Section 67-5909 (5) (b) of the legislation would have made it a “prohibited act” for “a person” to “print, circulate, post, or mail or otherwise cause to be published a statement, advertisement, or sign which indicates that the full and equal enjoyment of the goods, services, facilities, privileges, advantages of a place of public accommodation will be refused, withheld from, or denied an individual or that an individual’s patronage of or presence at a place of public accommodation is objectionable, unwelcome, unacceptable, or undesirable.”
If HB 2 or a future measure employing the same language were to be enacted, a business owner who posted the “right to refuse” sign could not only be sued, but dragged away from his property in handcuffs. A critic of the measure could likewise find himself being prosecuted for publishing a letter to the editor, a Facebook post, or a blog comment urging business owners to exercise the right of refusal.
Punishing the peaceful expression of such opinions would be justified, according to the civil rights commissariat, because government has a “compelling interest” in preventing discrimination – even at the expense of individual liberty.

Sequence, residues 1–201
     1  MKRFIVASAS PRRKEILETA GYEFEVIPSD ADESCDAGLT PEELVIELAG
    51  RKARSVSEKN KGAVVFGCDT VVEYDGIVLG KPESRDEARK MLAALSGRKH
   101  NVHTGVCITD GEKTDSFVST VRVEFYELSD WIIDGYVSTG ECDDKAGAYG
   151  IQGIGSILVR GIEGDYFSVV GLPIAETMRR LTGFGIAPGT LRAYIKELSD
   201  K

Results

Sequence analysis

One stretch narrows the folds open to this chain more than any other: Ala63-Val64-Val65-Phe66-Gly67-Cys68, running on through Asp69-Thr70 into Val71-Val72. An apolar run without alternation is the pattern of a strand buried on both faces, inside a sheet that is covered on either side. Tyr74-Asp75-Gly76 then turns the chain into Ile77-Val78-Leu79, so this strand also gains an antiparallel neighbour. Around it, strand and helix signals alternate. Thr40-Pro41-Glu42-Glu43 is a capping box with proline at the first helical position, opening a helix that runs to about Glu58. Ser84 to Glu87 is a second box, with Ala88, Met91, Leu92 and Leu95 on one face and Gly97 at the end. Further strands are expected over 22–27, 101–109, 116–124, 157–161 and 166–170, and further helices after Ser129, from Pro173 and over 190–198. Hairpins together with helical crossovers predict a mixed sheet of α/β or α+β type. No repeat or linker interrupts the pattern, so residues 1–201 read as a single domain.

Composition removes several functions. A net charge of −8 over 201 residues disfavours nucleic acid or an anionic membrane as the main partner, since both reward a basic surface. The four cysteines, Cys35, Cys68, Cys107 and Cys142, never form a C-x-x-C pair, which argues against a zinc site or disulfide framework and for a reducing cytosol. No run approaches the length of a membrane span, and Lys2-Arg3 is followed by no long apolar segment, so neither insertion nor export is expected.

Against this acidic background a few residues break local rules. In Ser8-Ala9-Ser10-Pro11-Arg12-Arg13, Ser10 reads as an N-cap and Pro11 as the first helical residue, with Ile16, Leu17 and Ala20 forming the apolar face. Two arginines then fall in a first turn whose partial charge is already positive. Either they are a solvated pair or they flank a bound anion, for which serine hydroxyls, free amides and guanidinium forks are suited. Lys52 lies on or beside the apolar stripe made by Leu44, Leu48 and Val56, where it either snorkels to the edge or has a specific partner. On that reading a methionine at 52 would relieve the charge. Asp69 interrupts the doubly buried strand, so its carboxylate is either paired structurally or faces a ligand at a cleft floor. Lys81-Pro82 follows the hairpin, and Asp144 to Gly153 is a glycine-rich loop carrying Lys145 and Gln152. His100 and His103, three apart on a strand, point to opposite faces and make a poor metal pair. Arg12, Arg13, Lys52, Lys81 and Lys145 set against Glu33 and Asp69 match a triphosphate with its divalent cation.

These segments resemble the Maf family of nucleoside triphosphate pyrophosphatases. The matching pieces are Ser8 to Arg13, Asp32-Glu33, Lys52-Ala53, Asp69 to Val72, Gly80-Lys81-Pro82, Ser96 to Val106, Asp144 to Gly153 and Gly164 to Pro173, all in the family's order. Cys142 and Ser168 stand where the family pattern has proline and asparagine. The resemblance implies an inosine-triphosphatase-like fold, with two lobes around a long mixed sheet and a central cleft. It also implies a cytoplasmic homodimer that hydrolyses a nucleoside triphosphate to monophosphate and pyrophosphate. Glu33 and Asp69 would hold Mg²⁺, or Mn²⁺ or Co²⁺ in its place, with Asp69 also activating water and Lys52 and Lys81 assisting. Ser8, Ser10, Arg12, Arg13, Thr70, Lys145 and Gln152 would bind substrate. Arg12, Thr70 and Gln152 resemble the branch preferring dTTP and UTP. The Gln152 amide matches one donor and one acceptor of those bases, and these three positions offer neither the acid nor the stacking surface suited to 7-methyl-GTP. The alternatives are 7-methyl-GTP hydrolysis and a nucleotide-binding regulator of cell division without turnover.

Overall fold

The incantation “compelling government interest” is a useful illustration of the fact that the lexicon of federal law enforcement is an inexhaustible, self-replenishing reservoir of deceit.
Most people exposed to this masterpiece of semantic engineering hear what its designers intended – a claim that the government is compelled to do something – rather than what it actually means – that the government is claiming the authority to compel individuals to do something.
This term of art litters court orders and bureaucratic edicts through which our rulers impose economic and cultural alterations that are intended to remold society nearer to their hearts’ desire.